The marketing mix is a business tool used in marketing and bymarketers. The marketing mix is often crucial when determining a product or brand’s offer, and is often associated with the four P’s: price, product, promotion, and place.
In service marketing, however, the four Ps are expanded to the seven P’sor Seven P’s to address the different nature of services.
The term “marketing-mix” was first coined by Neil Borden, the president of the American Marketing Association in 1953. It is still used today to make important decisions that lead to the execution of a marketing plan. The various approaches that are used have evolved over time, especially with the increased use of technology.
Besides, with the advent of digital marketing, marketers are suggesting new P’s, or are saying that digital marketing has changed the way these P’s used to work.
The new P’s:
But many, including Illinois University, suggest that the P’s have only changed and there is no need for new P’s. The way these P’s have changed is discussed here by using the first two P’s only. Product has new terms introduced. Now products are not developed by a company alone; the concept of co-creation and crowd sourcing have jumped in. Promotion is carried out with user created content.
It’s simple! You just need to create a product that a particular group of people want, put it on sale some place that those same people visit regularly, and price it at a level which matches the value they feel they get out of it; and do all that at a time they want to buy. Then you’ve got it made!
There’s a lot of truth in this idea. However, a lot of hard work needs to go into finding out what customers want, and identifying where they do their shopping. Then you need to figure out how to produce the item at a price that represents value to them, and get it all to come together at the critical time.
But if you get just one element wrong, it can spell disaster. You could be left promoting a car with amazing fuel-economy in a country where fuel is very cheap; or publishing a textbook after the start of the new school year, or selling an item at a price that’s too high – or too low – to attract the people you’re targeting.
The marketing mix is a good place to start when you are thinking through your plans for a product or service, and it helps you avoid these kinds of mistake
KEY NOTE: The 4Ps of marketing is just one of many lists that have been developed over the years. And, whilst the questions we have listed above are key, they are just a subset of the detailed probing that may be required to optimize your marketing mix.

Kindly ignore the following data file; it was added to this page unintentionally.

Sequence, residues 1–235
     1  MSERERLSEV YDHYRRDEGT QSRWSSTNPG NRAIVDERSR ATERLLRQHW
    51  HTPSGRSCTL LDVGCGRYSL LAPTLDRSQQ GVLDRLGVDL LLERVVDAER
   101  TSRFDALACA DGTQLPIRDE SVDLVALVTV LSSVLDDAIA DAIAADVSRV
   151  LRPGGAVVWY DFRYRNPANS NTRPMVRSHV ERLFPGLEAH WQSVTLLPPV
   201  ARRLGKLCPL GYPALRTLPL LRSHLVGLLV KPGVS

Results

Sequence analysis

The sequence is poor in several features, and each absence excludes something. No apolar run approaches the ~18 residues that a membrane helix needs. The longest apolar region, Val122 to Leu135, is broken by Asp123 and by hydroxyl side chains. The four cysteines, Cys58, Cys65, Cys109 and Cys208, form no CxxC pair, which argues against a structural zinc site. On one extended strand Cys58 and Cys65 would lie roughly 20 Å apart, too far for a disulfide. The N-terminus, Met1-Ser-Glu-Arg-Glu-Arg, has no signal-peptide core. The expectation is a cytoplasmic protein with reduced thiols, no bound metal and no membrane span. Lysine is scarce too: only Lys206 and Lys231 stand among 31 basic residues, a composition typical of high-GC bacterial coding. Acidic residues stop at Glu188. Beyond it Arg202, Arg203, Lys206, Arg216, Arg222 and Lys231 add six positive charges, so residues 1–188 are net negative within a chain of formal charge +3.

ANALYZING THE 4Ps.
- What does the customer want from the product /service? What needs does it satisfy?
- What features does it have to meet these needs?
- Are there any features you’ve missed out?
- Are you including costly features that the customer won’t actually use?
- How and where will the customer use it?
- What does it look like? How will customers experience it?
- What size(s), color(s), and so on, should it be?
- What is it to be called?
- How is it branded?
- How is it differentiated versus your competitors?
- What is the most it can cost to provide, and still be sold sufficiently profitably?
- What is the value of the product or service to the buyer?
- Are there established price points for products or services in this area?
- Is the customer price sensitive? Will a small decrease in price gain you extra market share?
- Or will a small increase be indiscernible, and so gain you extra profit margin?
- What discounts should be offered to trade customers, or to other specific segments of your market?
- How will your price compare with your competitors?
- Where do buyers look for your product or service?
- If they look in a store, what kind? A specialist boutique or in a supermarket, or both? Or online? Or direct, via a catalogue?
- How can you access the right distribution channels?
- Do you need to use a sales force? Or attend trade fairs? Or make online submissions? Or send samples to catalogue companies?
- What do your competitors do, and how can you learn from that and/or differentiate?
- Where and when can you get across your marketing messages to your target market?
- Will you reach your audience by advertising online, in the press, or on TV, or radio, or on billboards? By using direct marketing mailshot? Through PR? On the Internet?
- When is the best time to promote? Is there seasonality in the market? Are there any wider environmental issues that suggest or dictate the timing of your market launch, or the timing of subsequent promotions?
- How do your competitors do their promotions? And how does that influence your choice of promotional activity?
Marketing activation is the execution of the marketing mix as part of the marketing process. The activation phase typically comes after the planing phase during which managers plan their marketing activities and is followed by a feedback phase in which results are evaluated with marketing analytics.
Before executing its marketing activities, a firm will benefit from identifying which customer groups to target. “By focusing on some fewer influencers only, activation can become more efficient and higher returns can be expected.”
Customer data is a significant source of information for planning marketing activation. A common practice is to use customer relationship management tools and techniques to augment the impact of marketing activation because CRM “provides an integrative framework in which marketing activation and customer activities collaborate to increase patronage.
Brand activation, sometimes called brand engagement which focuses on building a longer term emotional connection between the brand and the customer; and activation based on direct-response marketing will focus on generating immediate sales transactions are two types of Marketing activation which are used as part of Marketing Strategy.
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